NEW ORLEANS -- Hurricane Katrina struck just two weeks after Jeff Talley began running data center operations for the city of New Orleans via an outsourcing deal with Ciber Inc., his employer. On the ninth floor of City Hall, the storm's winds shook the building so hard that "you would lose your footing," said Talley, who stayed in the data center and slept on his office floor.
Afterward, the city's IT operations were a mess. Its main data center was protected inside City Hall, but problems with backup generators and universal power supplies caused numerous servers and disk drives to fail, Talley said. In addition, about 70% of the city's remote IT operations were in areas that were flooded. Some of the remote sites were damaged, and others were left inaccessible.
In the weeks immediately following the storm, routine IT activities, such as issuing paychecks off of the city's mainframe, became important to the survival of the municipal government. "We were afraid that if we didn't run payroll, we would lose some of the employees," said Mark Kurt, an IT manager who was named the city's chief technology officer two months ago.
New Orleans CTO Mark Kurt (left) and IT manager Jeff Talley are working to display key data via GIS technology.
Image Credit: Patrick Thibodeau
Since the storm, Kurt and Talley said in a joint interview late last month, the city has been restoring as well as reshaping its IT systems.
For instance, New Orleans has consolidated many of the remote IT operations into its main data center. The city has also installed server virtualization technology on its x86-based systems in order to improve utilization rates and help support a fail-over capability to a hot site that it's setting up at a facility owned by the city of Austin.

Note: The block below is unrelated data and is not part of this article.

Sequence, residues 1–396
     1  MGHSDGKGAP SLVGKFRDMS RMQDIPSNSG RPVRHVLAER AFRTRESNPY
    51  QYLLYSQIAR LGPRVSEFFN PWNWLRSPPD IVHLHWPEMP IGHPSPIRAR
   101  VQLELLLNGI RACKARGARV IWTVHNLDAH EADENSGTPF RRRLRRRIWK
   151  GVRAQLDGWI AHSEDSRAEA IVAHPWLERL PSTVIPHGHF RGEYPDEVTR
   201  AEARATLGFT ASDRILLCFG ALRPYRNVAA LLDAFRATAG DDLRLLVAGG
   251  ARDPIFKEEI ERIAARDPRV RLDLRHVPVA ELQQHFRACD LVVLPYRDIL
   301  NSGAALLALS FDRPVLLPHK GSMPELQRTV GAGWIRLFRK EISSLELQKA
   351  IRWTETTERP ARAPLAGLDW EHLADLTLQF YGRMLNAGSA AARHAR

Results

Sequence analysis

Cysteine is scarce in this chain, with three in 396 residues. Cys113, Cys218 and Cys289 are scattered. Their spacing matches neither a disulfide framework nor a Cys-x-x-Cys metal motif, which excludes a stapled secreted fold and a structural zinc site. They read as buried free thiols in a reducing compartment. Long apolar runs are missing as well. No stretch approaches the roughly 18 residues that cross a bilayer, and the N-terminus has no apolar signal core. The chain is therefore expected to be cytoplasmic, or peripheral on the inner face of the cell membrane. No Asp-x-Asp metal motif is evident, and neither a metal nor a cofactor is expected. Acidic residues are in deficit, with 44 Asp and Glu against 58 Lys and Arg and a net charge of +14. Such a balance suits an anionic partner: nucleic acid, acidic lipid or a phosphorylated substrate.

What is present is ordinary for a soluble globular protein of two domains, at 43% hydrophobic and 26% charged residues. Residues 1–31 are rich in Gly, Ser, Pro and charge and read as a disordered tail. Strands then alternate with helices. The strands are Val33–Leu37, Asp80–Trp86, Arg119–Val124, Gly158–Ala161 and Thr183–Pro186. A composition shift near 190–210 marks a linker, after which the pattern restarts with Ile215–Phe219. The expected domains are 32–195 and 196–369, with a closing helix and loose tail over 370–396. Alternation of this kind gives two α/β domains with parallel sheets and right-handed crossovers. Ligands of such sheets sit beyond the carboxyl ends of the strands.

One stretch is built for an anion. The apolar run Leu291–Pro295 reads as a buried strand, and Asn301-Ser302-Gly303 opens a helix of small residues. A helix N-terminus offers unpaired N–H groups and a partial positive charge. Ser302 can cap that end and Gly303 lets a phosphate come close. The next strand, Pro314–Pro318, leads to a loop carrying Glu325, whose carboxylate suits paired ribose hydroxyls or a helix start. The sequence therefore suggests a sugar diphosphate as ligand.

"The hot-site concept is so critical," Talley said. "You want to try to reduce the number of people that you have here [during an emergency]. You don't want people to have to go through a Category 5 [hurricane]."
In addition, the city has been working to aggregate data from building permits, crime reports and other documents and display it on maps through the use of geographic information system (GIS) technology. The IT team is also expanding the functionality of self-service kiosks for city residents, to automate processes such as applying for building permits.
The GIS data, which can be accessed from a Web-based user interface, lets city officials easily see where reconstruction activity is the strongest, based on factors such as the number of building permits being issued, Kurt said. He added that workers can also view information about the number of calls for city services, such as requests for street maintenance -- which gives them an indication of where people are living.
Now the city wants to add property and sales tax data as well as information about nuisance-property complaints to the GIS tool, according to Kurt. "Being in technology, it's certainly not my job to plan how the city rebuilds," he said. But, he added, the data-mapping work should help New Orleans officials make decisions on key issues, "from what schools you decide to open to where you put police officers."
Talley said that using the hot-site setup in Austin will be much less expensive than it would have been to work with a disaster recovery vendor. New Orleans officials also hope to get reimbursed for some of the new IT costs under federal assistance programs.